After getting close to the end of a complex halachic treatise, I found a psak that I have trouble understanding (between the laws of walking female infants and the blessing for smelling Lebanon):

יֵֽלְכוּ֙ יֹֽנְקוֹתָ֔יו וִיהִ֥י כַזַּ֖יִת הוֹד֑וֹ וְרֵ֥יחַֽ ל֖וֹ כַּלְּבָנֽוֹן׃

India is a kezayit

I found this line puzzling, because I can't think of where there is an obligation or prohibition to consume India. If it said that matzah on Passover or eating on Yom Hakkippurim is a kezayit, I would understand. But what's the nafka minah of India being a kezayit?

This question is Purim Torah and is not intended to be taken completely seriously. See the Purim Torah policy.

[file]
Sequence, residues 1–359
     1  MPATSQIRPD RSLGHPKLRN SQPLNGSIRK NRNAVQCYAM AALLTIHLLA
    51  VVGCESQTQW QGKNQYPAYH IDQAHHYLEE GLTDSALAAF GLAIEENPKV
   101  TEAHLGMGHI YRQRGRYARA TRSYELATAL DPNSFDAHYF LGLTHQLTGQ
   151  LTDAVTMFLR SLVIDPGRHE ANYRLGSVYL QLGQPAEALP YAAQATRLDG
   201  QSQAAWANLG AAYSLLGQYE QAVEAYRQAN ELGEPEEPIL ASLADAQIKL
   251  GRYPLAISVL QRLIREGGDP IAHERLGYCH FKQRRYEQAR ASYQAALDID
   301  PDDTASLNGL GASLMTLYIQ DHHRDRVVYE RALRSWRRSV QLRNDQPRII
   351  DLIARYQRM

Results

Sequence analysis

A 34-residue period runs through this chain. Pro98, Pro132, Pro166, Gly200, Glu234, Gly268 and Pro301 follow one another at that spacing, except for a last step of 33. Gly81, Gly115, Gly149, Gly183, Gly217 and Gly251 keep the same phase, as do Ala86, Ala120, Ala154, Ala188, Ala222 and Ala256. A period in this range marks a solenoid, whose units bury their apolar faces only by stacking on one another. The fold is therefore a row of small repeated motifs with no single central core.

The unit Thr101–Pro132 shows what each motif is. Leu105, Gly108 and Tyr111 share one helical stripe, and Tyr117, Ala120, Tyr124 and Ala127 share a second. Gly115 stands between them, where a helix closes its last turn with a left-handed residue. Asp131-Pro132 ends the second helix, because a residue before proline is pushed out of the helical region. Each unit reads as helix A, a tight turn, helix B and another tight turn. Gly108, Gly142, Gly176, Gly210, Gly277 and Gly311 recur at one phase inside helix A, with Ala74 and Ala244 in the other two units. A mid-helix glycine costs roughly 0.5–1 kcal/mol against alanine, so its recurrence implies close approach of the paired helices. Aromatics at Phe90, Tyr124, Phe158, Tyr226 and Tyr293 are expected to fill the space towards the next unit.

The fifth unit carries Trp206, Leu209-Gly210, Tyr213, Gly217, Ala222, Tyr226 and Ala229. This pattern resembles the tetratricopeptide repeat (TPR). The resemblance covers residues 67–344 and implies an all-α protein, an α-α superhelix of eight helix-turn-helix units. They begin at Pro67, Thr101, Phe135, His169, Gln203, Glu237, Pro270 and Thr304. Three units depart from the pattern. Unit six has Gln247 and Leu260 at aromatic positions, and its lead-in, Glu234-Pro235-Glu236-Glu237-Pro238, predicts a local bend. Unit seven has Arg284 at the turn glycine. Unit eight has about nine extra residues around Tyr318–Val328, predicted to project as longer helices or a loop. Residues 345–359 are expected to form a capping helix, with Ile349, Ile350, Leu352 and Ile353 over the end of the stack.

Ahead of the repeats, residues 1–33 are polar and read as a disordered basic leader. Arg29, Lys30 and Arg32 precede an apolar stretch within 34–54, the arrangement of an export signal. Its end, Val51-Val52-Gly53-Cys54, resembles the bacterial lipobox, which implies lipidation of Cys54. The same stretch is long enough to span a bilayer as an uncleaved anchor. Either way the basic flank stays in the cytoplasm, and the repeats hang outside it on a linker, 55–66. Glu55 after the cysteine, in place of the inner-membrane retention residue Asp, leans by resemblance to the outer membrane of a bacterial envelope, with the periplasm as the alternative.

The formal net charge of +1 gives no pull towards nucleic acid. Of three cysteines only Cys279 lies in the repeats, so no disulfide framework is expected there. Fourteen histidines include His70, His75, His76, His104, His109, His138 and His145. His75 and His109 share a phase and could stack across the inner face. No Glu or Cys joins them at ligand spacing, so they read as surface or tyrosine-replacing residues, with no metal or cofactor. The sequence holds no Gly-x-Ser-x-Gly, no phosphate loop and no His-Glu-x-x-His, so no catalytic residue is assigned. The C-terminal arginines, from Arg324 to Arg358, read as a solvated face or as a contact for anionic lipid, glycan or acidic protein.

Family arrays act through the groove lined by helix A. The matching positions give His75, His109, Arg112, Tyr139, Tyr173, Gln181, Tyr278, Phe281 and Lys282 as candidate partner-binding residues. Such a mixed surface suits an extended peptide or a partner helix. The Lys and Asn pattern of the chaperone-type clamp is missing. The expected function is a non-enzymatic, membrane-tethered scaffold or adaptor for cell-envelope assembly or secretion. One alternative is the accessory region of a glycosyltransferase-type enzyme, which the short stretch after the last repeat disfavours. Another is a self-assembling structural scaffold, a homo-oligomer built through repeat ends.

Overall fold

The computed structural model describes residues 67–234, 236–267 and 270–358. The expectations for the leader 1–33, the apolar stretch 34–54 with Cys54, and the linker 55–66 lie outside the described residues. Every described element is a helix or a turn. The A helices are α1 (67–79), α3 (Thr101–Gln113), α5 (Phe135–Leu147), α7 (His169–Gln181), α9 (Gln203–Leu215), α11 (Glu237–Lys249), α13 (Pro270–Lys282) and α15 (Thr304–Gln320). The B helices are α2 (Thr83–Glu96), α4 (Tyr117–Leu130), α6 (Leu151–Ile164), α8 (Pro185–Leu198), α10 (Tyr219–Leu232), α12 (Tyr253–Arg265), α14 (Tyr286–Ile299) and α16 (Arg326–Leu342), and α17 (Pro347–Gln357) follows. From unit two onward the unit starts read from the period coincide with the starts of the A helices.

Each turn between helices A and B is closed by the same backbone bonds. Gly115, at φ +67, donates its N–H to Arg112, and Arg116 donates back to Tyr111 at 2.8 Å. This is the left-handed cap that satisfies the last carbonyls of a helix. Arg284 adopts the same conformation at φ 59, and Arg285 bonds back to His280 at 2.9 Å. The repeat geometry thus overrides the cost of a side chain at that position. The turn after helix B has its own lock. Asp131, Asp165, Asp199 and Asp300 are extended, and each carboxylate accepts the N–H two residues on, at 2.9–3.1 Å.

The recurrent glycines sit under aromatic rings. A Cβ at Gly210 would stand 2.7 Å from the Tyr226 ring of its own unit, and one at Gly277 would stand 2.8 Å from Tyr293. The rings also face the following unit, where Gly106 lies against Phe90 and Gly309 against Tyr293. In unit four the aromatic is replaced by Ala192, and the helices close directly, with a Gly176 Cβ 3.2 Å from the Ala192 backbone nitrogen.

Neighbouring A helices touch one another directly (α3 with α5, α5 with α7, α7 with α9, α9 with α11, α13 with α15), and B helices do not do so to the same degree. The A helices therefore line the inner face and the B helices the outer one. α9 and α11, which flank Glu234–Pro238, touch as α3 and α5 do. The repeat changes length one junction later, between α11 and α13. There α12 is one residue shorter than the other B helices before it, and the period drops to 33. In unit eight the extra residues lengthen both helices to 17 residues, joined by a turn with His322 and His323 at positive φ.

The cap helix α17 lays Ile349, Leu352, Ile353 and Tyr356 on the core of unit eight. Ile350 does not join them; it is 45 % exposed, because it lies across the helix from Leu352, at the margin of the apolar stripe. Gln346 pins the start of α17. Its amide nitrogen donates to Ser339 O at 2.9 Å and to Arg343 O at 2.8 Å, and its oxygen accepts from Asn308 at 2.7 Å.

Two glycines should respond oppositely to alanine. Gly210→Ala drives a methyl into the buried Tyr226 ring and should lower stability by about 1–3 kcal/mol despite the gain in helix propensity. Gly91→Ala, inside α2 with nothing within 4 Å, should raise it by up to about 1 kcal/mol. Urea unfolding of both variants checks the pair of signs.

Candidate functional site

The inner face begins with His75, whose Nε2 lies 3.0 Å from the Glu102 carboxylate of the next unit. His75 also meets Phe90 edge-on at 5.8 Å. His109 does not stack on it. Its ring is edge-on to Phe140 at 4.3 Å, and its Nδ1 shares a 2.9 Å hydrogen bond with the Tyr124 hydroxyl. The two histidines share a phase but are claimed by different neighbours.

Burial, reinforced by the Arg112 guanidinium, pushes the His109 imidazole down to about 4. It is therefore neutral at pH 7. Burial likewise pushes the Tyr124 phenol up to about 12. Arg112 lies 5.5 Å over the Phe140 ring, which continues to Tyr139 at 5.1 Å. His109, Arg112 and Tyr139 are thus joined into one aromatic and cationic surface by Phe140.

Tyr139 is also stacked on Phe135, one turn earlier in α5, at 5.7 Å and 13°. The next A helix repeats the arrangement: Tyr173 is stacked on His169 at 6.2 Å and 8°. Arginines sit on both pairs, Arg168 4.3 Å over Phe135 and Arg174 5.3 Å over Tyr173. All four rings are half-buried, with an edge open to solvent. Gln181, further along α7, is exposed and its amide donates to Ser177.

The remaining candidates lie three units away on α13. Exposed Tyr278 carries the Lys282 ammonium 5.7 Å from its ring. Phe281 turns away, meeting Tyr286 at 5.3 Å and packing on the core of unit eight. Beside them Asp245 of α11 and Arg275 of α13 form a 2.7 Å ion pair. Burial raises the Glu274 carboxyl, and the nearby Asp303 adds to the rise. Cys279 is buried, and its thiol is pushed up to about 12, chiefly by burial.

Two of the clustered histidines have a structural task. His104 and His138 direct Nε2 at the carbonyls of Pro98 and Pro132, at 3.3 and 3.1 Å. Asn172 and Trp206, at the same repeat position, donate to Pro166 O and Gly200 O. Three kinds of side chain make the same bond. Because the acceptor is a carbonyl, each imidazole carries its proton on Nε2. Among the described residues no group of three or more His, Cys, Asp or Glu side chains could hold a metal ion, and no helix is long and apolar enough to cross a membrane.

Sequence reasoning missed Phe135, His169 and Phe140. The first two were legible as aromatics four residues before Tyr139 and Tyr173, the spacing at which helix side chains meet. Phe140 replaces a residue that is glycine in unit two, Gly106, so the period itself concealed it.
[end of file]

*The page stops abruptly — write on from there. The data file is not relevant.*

You have misunderstood the Psak. It is referring to the Kezayis of turkey that one must eat on Thanksgiving, as per the Gemara here.

| improve this answer | |

The answer, as the Gemara reminds us in many cases, lies in the end of the pasuk: וריח לו כלבנון, Lebanon is like a scent. In other words, in terms of food, if India is eating the size of an olive, which is the amount of food with significance, Lebanon is not even considered eating at all but only smelling, about which there is a dispute whether or not scent is considered significant at all (ריחא מילתא--Pesachim 76b). It seems that the pasuk is commenting on the geopolitical advantage of a relationship with a major country like India over currying favor (no pun intended) with the Lebanese government.

| improve this answer | |

Not the answer you're looking for? Browse other questions tagged .